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    Zaatreh S , Enz A, Klinder A, König T, Mittelmeier L, Kundt G, et al Prospective data collection and analysis of perforations and tears of latex surgical gloves during primary endoprosthetic surgeries. GMS Hyg Infect Control. 2016;11: Doc25. doi: .

    • Crossref
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  • 8.

    Guo YP , Wong PM, Li Y, Or PPL. Is double-gloving really protective? A comparison between the glove perforation rate among perioperative nurses with single and double gloves during surgery. Am J Surg. 2012;204:2105. doi: .

    • Crossref
    • Search Google Scholar
    • Export Citation
  • 9.

    Ersozlu S , Sahin O, Ozgur AF, Akkaya T, Tuncay C. Glove punctures in major and minor orthopaedic surgery with double gloving. Acta Orthop Belg. 2007;73:7604.

    • Search Google Scholar
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    Daeschlein G , Kramer A, Arnold A, Ladwig A, Seabrook GR, Edmiston CE. Evaluation of an innovative antimicrobial surgical glove technology to reduce the risk of microbial passage following intraoperative perforation. Am J Infect Control. 2011;39:98103. doi: .

    • Crossref
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  • 11.

    DIN EN 455-1:2001-01 - Beuth.de [Internet]. [cited 8 Oct 2016]. Available from: https://www.beuth.de/de/norm/din-en-455-1/30945341.

  • 12.

    Laine T , Aarnio P. How often does glove perforation occur in surgery? Comparison between single gloves and a double-gloving system. Am J Surg. 2001;181:5646.

    • Crossref
    • Search Google Scholar
    • Export Citation
  • 13.

    Harnoss J-C , Partecke L-I, Heidecke C-D, Hübner N-O, Kramer A, Assadian O. Concentration of bacteria passing through puncture holes in surgical gloves. Am J Infect Control. 2010;38:1548. doi: .

    • Crossref
    • Search Google Scholar
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  • 14.

    Giordano V , Koch HA, De JSP, De LM, De RAH, De FS, et al Is the surgical knot tying technique associated with a risk for unnoticed glove perforation? An experimental study. Patient Saf Surg. 2014;8:26. doi:.

    • Crossref
    • Search Google Scholar
    • Export Citation
  • 15.

    Kaplan KM , Gruson KI, Gorczynksi CT, Strauss EJ, Kummer FJ, Rokito AS. Glove tears during arthroscopic shoulder surgery using solid-core suture. Arthrosc J Arthrosc Relat Surg Off Publ Arthrosc Assoc N Am Int Arthrosc Assoc. 2007;23:516. doi: .

    • Crossref
    • Search Google Scholar
    • Export Citation
  • 16.

    Goldman AH , Haug E, Owen JR, Wayne JS, Golladay GJ. High Risk of Surgical Glove Perforation From Surgical Rotatory Instruments. Clin Orthop. 2016;474:25137. doi: .

    • Crossref
    • Search Google Scholar
    • Export Citation

If the inline PDF is not rendering correctly, you can download the PDF file here.

  • 1.

    Carter KC , Abbott S, Siebach JL. Five documents relating to the final illness and death of Ignaz Semmelweis. Bull Hist Med. 1995;69:25570.

    • Search Google Scholar
    • Export Citation
  • 2.

    Leitgeb J , Schuster R, Yee BN, Chee PF, Harnoss JC, Starzengruber P, et al Antibacterial activity of a sterile antimicrobial polyisoprene surgical glove against transient flora following a 2-hours simulated use. BMC Surg. 2015. doi: .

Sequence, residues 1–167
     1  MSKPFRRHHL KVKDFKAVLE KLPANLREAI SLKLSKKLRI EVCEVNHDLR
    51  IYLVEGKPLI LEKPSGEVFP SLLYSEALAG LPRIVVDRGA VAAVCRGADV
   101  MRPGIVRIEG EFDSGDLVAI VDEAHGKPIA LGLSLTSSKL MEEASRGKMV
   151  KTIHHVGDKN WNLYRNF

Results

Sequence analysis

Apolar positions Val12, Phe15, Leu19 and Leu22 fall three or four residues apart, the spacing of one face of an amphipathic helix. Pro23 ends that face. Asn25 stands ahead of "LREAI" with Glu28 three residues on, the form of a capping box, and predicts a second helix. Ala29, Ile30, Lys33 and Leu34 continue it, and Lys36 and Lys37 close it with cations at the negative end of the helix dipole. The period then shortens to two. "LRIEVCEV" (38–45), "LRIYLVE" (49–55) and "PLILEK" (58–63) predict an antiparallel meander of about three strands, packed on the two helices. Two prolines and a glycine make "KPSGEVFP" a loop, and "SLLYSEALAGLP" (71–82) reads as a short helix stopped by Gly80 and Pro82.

• Crossref
    • Search Google Scholar
    • Export Citation
  • 3.

    Guo YP , Wong PM, Li Y, Or PL. Is double-gloving really protective? A comparison between the glove perforation rate among perioperative nurses with single and double gloves during surgery. Am J Surg. 2012;204:2105. doi: .

    • Crossref
    • Search Google Scholar
    • Export Citation
  • 4.

    Lindeque B , Hartman Z, Noshchenko A, Cruse M. Infection after primary total hip arthroplasty. Orthopedics. 2014;37:25765. doi:.

  • 5.

    DIN EN ISO 4074 - 2017-09 - Beuth.de [Internet]. [cited 4 Jun 2018]. Available from: https://www.beuth.de/de/norm/din-en-iso-4074/263522064.

  • 6.

    DIN EN 600 - 1996-04 - Beuth.de [Internet]. [cited 4 Jun 2018]. Available from: https://www.beuth.de/de/norm/din-en-600/2755749.

  • 7.

    Zaatreh S , Enz A, Klinder A, König T, Mittelmeier L, Kundt G, et al Prospective data collection and analysis of perforations and tears of latex surgical gloves during primary endoprosthetic surgeries. GMS Hyg Infect Control. 2016;11: Doc25. doi: .

    • Crossref
    • Search Google Scholar
    • Export Citation
  • 8.

    Guo YP , Wong PM, Li Y, Or PPL. Is double-gloving really protective? A comparison between the glove perforation rate among perioperative nurses with single and double gloves during surgery. Am J Surg. 2012;204:2105. doi: .

    • Crossref
    • Search Google Scholar
    • Export Citation
  • 9.

    Ersozlu S , Sahin O, Ozgur AF, Akkaya T, Tuncay C. Glove punctures in major and minor orthopaedic surgery with double gloving. Acta Orthop Belg. 2007;73:7604.

    • Search Google Scholar
    • Export Citation
  • 10.

    Daeschlein G , Kramer A, Arnold A, Ladwig A, Seabrook GR, Edmiston CE. Evaluation of an innovative antimicrobial surgical glove technology to reduce the risk of microbial passage following intraoperative perforation. Am J Infect Control. 2011;39:98103. doi: .

    • Crossref
    • Search Google Scholar
    • Export Citation
  • 11.

    DIN EN 455-1:2001-01 - Beuth.de [Internet]. [cited 8 Oct 2016]. Available from: https://www.beuth.de/de/norm/din-en-455-1/30945341.

  • 12.

    Laine T , Aarnio P. How often does glove perforation occur in surgery? Comparison between single gloves and a double-gloving system. Am J Surg. 2001;181:5646.

    • Crossref
    • Search Google Scholar
    • Export Citation
  • 13.

    Harnoss J-C , Partecke L-I, Heidecke C-D, Hübner N-O, Kramer A, Assadian O. Concentration of bacteria passing through puncture holes in surgical gloves. Am J Infect Control. 2010;38:1548. doi: .

    • Crossref
    • Search Google Scholar
    • Export Citation
  • 14.

    Giordano V , Koch HA, De JSP, De LM, De RAH, De FS, et al Is the surgical knot tying technique associated with a risk for unnoticed glove perforation? An experimental study. Patient Saf Surg. 2014;8:26. doi:.

    • Crossref
    • Search Google Scholar
    • Export Citation
  • 15.

    Kaplan KM , Gruson KI, Gorczynksi CT, Strauss EJ, Kummer FJ, Rokito AS. Glove tears during arthroscopic shoulder surgery using solid-core suture. Arthrosc J Arthrosc Relat Surg Off Publ Arthrosc Assoc N Am Int Arthrosc Assoc. 2007;23:516. doi: .

    • Crossref
    • Search Google Scholar
    • Export Citation
  • 16.

    Goldman AH , Haug E, Owen JR, Wayne JS, Golladay GJ. High Risk of Surgical Glove Perforation From Surgical Rotatory Instruments. Clin Orthop. 2016;474:25137. doi: .

    • Crossref
    • Search Google Scholar
    • Export Citation